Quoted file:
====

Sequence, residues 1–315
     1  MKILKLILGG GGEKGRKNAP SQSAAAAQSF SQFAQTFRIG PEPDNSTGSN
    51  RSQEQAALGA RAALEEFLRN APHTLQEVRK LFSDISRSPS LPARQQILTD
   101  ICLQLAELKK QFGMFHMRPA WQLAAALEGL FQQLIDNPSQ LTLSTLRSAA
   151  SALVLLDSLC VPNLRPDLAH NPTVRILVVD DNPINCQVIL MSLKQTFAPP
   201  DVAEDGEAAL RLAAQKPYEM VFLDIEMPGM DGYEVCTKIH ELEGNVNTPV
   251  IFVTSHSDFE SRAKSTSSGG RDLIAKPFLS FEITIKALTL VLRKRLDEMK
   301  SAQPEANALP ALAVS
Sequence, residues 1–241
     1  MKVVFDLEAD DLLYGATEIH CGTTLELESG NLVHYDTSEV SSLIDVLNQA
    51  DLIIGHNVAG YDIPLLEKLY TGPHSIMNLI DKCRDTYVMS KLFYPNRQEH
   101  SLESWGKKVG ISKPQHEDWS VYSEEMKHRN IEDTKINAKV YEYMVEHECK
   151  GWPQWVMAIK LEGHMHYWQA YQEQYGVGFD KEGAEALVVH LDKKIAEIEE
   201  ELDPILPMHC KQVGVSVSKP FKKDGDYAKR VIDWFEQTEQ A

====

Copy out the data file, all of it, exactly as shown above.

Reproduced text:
Sequence, residues 1–315
     1  MKILKLILGG GGEKGRKNAP SQSAAAAQSF SQFAQTFRIG PEPDNSTGSN
    51  RSQEQAALGA RAALEEFLRN APHTLQEVRK LFSDISRSPS LPARQQILTD
   101  ICLQLAELKK QFGMFHMRPA WQLAAALEGL FQQLIDNPSQ LTLSTLRSAA
   151  SALVLLDSLC VPNLRPDLAH NPTVRILVVD DNPINCQVIL MSLKQTFAPP
   201  DVAEDGEAAL RLAAQKPYEM VFLDIEMPGM DGYEVCTKIH ELEGNVNTPV
   251  IFVTSHSDFE SRAKSTSSGG RDLIAKPFLS FEITIKALTL VLRKRLDEMK
   301  SAQPEANALP ALAVS
Sequence, residues 1–241
     1  MKVVFDLEAD DLLYGATEIH CGTTLELESG NLVHYDTSEV SSLIDVLNQA
    51  DLIIGHNVAG YDIPLLEKLY TGPHSIMNLI DKCRDTYVMS KLFYPNRQEH
   101  SLESWGKKVG ISKPQHEDWS VYSEEMKHRN IEDTKINAKV YEYMVEHECK
   151  GWPQWVMAIK LEGHMHYWQA YQEQYGVGFD KEGAEALVVH LDKKIAEIEE
   201  ELDPILPMHC KQVGVSVSKP FKKDGDYAKR VIDWFEQTEQ A